themselves to the Indian character, and learned how to please them. A
St. Louis fur trader, who was living a few years ago in the ninetieth
year of his age, used to speak of the ease with which an influential
chief could be conciliated.

"I could always," said he, "make the principal chief of a tribe my
friend by a piece of vermilion, a pocket looking-glass, some
flashy-looking beads, and a knife. These things made him a puppet in my

Even if a valuable horse had been stolen, a chief, whose friendship had
been won in this manner, would continue to scold the tribe until the
horse was brought back. The Indians, too, were delighted with the
Frenchman's fiddle, his dancing, his gayety of manner, and even with the
bright pageantry of his religion. It was when the settlement was six
years old that the inhabitants of St. Louis, a very few hundreds in
number, gathered to take part in the consecration of a little church,
made very much like the great council wigwam of the Indians, the logs
being placed upright, and the interstices filled with mortar. This
church stood near the river, almost on the very site of the present
cathedral. Mass was said, and the Te Deum was chanted. At the first
laying out of the village, Captain Liguest set apart the whole block as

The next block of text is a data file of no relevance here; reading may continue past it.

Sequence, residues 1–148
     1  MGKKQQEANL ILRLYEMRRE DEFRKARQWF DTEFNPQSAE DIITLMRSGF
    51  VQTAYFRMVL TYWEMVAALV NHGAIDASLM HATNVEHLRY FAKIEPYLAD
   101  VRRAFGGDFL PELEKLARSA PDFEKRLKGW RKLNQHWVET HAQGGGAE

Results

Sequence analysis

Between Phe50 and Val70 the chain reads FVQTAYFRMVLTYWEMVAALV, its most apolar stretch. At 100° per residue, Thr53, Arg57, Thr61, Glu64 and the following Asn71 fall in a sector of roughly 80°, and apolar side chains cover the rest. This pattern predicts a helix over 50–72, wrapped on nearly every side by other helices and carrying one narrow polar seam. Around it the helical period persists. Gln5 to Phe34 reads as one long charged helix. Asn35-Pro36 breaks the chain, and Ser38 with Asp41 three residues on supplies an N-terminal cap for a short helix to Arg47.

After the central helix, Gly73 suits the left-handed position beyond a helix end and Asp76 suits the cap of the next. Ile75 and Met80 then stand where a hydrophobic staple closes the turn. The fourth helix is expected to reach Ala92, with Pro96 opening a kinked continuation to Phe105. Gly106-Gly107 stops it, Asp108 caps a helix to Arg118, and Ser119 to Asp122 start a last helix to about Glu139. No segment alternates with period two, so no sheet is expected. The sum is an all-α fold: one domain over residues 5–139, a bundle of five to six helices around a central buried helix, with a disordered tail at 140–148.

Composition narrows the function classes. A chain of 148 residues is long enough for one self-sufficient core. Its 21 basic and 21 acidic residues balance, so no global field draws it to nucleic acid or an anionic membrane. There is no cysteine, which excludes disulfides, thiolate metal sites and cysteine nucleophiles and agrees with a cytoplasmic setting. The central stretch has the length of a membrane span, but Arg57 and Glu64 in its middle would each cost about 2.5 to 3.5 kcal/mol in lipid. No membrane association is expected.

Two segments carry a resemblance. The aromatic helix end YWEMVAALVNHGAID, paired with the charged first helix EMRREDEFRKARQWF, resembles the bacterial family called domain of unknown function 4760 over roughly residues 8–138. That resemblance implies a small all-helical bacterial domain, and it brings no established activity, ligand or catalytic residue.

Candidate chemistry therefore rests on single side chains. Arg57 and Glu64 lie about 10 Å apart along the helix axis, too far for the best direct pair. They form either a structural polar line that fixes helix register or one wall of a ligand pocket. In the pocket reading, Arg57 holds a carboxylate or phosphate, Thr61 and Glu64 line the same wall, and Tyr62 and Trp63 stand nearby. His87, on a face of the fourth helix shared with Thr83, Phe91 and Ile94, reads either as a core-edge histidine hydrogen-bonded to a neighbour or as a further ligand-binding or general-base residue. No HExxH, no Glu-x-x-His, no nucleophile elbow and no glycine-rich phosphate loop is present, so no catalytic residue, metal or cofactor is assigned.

a site for the church, and it remains church property to this day.

It is evident from Chouteau's diary that Pierre Laclede Liguest, though
he had able and energetic assistants, was the soul of the enterprise,
and the real founder of St. Louis. He was one of that stock of Frenchmen
who put the imprint of their nation, never to be effaced, upon the map
of North America--a kind of Frenchman unspeakably different from those
who figured in the comic opera and the masquerade ball of the late
corrupt and effeminating empire. He was a genial and generous man, who
rewarded his followers bountifully, and took the lead in every service
of difficulty and danger. While on a visit to New Orleans he died of one
of the diseases of the country, and was buried on the shore near the
mouth of the Arkansas River.

His executor and chief assistant, Auguste Chouteau, born at New Orleans
in 1739, lived one hundred years, not dying till 1839. There are many
people in St. Louis who remember him. A very remarkable coincidence was,
that his brother, Pierre Chouteau, born in New Orleans in 1749, died in
St. Louis in 1849, having also lived just one hundred years. Both of
these brothers were identified with St. Louis from the beginning, where
they lived in affluence and honor for seventy years, and where their
descendants still reside.

The growth of St. Louis was long retarded by the narrowness and tyranny
of the Spanish government, to which the French ceded the country about
the time when St. Louis was settled. But in 1804 it was transferred to
the United States, and from that time its progress has been rapid and
almost uninterrupted. When President Jefferson's agent took possession,
there was no post-office, no ferry over the river, no newspaper, no
hotel, no Protestant church, and no school. Nor could any one hold land
who was not a Catholic. Instantly, and as a matter of course, all
restricting laws were swept away; and before two years had passed there
was a ferry, a post-office, a newspaper, a Protestant church, a hotel,
and two schools, one French and one English.